What is spirituality? The answer is often subjective. It may be sitting on a mountain top and meditating for some, while for others, it may be about connecting with their inner self wherever they are. Perhaps, for some of us, it could be service to fellow beings. How we choses to define spirituality is up to each of us. But one thing is for sure: spirituality is experiential. It can be achieved through any experience that brings the mind, body and spirit together in perfect harmony.
This realisation, however, did not come easily to man. Evolution was not an overnight affair. It took him aeons to evolve physically and intellectually. As he set out on the spiritual pursuit, man began contemplating the mystical nature of the world around him. This contemplation helped him understand himself better, leading him to frame a set of beliefs and guidelines for posterity. These beliefs were crystallised in scriptures and symbols that gradually became a part of his culture.
Over time, faiths began emerging across the world and bore symbols that represented their message. Some symbols transcended the barriers of faith and became universal. They facilitate the ultimate pursuit of spirituality. Soulveda explores the origins of a few such spiritual symbols, their significance, and what they represent.
According to Hinduism and Buddhism, lotus is a flower that is beloved to the gods. It is rich in symbolism in both the realms of mysticism and mythology.
According to ancient Hindu scriptures, when energy rises from the muladhara chakra at the base of one’s spine to the sahasrara chakra at the top of one’s head, one attains a spiritual awakening. Sahasrara is believed to be a thousand-petalled lotus. When the energy ascends to it, the lotus is said to bloom. This enlightened state is known as the Brahman–the pure state of consciousness.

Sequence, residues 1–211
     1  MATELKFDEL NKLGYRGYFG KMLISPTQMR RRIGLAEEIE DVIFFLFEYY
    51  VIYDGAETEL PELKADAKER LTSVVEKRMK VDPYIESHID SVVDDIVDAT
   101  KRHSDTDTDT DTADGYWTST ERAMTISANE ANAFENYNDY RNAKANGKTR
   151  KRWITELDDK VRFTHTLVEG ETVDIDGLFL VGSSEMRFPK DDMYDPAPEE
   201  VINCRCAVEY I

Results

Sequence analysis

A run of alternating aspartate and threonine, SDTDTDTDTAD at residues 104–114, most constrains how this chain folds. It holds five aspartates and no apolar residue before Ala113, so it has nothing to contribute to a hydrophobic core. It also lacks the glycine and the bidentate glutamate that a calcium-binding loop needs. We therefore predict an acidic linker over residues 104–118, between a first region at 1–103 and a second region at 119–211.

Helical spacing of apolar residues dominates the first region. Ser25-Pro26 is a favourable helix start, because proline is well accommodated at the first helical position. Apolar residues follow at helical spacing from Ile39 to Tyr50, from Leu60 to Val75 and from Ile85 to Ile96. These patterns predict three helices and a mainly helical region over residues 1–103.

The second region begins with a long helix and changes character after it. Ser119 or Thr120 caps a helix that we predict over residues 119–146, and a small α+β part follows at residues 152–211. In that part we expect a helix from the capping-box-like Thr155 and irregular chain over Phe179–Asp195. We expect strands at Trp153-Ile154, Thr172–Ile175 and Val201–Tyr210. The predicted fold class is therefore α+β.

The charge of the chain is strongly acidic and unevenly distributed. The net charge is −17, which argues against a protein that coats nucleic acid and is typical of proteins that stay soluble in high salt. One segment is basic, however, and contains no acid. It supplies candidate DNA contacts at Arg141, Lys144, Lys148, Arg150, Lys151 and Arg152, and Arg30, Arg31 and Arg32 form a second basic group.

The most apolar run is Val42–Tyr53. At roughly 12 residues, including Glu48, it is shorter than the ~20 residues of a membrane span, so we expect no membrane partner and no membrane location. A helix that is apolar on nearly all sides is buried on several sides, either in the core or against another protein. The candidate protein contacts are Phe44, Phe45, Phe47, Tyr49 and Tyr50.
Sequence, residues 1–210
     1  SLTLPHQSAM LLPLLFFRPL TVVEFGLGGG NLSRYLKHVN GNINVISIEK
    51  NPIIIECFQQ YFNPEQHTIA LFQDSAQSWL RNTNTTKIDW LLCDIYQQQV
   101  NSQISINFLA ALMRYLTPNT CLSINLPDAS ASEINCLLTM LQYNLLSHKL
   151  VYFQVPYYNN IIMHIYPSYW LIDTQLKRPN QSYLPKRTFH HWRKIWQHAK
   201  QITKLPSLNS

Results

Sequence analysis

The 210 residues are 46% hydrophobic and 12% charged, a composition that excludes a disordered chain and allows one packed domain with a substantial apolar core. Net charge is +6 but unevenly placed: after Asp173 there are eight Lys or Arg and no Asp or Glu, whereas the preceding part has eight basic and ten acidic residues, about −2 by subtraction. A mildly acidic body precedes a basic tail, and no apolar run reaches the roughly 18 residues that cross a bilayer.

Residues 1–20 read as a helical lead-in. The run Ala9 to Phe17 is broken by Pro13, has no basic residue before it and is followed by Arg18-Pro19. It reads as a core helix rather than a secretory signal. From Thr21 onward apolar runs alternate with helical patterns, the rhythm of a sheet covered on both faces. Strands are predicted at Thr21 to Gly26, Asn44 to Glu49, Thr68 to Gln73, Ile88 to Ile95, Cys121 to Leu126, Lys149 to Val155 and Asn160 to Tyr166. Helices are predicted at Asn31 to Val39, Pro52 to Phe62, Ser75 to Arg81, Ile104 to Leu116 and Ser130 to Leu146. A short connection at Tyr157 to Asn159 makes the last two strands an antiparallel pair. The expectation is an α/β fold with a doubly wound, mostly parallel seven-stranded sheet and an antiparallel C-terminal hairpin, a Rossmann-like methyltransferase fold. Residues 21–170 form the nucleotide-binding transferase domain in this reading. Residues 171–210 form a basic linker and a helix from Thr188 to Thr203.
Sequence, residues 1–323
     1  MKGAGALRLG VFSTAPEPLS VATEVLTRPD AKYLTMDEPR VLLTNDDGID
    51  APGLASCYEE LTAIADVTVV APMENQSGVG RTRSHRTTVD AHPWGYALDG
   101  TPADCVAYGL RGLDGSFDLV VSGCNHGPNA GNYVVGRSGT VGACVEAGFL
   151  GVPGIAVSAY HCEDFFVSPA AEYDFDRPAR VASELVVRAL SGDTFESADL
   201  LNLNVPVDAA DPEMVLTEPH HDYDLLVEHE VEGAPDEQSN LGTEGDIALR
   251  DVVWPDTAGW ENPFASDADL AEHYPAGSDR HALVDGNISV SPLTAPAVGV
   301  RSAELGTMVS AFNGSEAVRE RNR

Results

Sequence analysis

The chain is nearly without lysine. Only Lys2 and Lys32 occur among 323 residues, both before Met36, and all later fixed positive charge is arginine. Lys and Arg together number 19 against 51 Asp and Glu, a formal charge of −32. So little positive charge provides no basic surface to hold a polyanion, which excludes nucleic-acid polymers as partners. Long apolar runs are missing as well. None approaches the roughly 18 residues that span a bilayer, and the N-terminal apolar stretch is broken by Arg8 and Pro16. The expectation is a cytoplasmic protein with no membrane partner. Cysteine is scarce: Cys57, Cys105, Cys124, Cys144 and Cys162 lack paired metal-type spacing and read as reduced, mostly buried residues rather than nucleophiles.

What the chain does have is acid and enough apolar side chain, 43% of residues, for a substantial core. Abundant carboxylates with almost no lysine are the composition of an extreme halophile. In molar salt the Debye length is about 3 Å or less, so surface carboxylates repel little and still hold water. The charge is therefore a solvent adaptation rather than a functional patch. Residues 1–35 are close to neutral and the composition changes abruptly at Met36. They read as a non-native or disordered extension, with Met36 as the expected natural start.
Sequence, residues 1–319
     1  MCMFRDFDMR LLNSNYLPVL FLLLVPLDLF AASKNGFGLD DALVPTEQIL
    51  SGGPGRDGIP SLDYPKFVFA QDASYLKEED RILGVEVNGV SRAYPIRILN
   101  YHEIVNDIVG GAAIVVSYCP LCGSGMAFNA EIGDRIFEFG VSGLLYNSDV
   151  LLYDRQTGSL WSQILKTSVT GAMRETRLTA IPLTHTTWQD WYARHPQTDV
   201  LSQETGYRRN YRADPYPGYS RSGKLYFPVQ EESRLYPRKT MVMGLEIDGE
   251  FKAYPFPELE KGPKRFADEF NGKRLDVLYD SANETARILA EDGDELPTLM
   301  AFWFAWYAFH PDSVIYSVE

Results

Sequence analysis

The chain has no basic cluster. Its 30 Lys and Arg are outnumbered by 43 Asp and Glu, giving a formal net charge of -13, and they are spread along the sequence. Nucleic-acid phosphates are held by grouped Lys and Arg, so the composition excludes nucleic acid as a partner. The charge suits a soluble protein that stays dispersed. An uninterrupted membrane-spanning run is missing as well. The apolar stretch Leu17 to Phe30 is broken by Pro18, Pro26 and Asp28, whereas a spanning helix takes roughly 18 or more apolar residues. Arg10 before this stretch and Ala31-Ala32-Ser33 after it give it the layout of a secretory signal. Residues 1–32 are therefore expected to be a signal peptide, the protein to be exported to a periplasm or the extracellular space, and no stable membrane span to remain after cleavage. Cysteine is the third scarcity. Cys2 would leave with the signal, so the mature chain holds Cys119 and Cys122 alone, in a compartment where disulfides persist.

In order to attain this enlightenment, a seeker chooses his own path. In Hatha yoga, it is believed that when a person practises padmasana (the lotus pose), he is on his path to spiritual enlightenment. The rise of a lotus from murky waters to become a beautiful flower perhaps can be likened to how consciousness evolves from mundane impulses to enlightenment.
According to Hindu mythology, Brahma–the creator–emerged from Vishnu’s navel in a lotus. The flower symbolises birth, growth and purity. In Buddhism too, a lotus is among the eight auspicious symbols. It symbolises enlightenment.
No ritual in Hinduism is complete without the chanting of Om. This represents the vibration of the universe. It is believed to be the first sound produced at the time of creation.
Om is the primordial sound comprising three sounds–Aaa, uu and hum. It is said that as one chants Om, prana (life force) moves upwards in one’s body, producing positive energy and expanding the mind. As the mind expands, it merges with the soul (tatva). Studies suggest that by chanting Om, one gets in touch with the infinite creative energy of the universe.
The symbol of Om is believed to have a deep, spiritual meaning. In Sanskrit, the visual symbol of Om has a dot, a semicircle and three curves. The curves represent the three states of consciousness. The bottom curve represents the waking state; the middle curve the dream state and the upper curve the sleeping state. The dot represents turiya, the fourth state of consciousness in which God is all pervasive. The semicircle that separates dot from the curves stands for maya, the illusion. Perhaps, it is the illusion that is an impediment for us to achieve turiya.
In the Celtic culture, the tree of life represents the combination of the forces of nature to create harmony and balance in the universe. It is a symbol of interconnectedness between the earth, the sky and the living beings.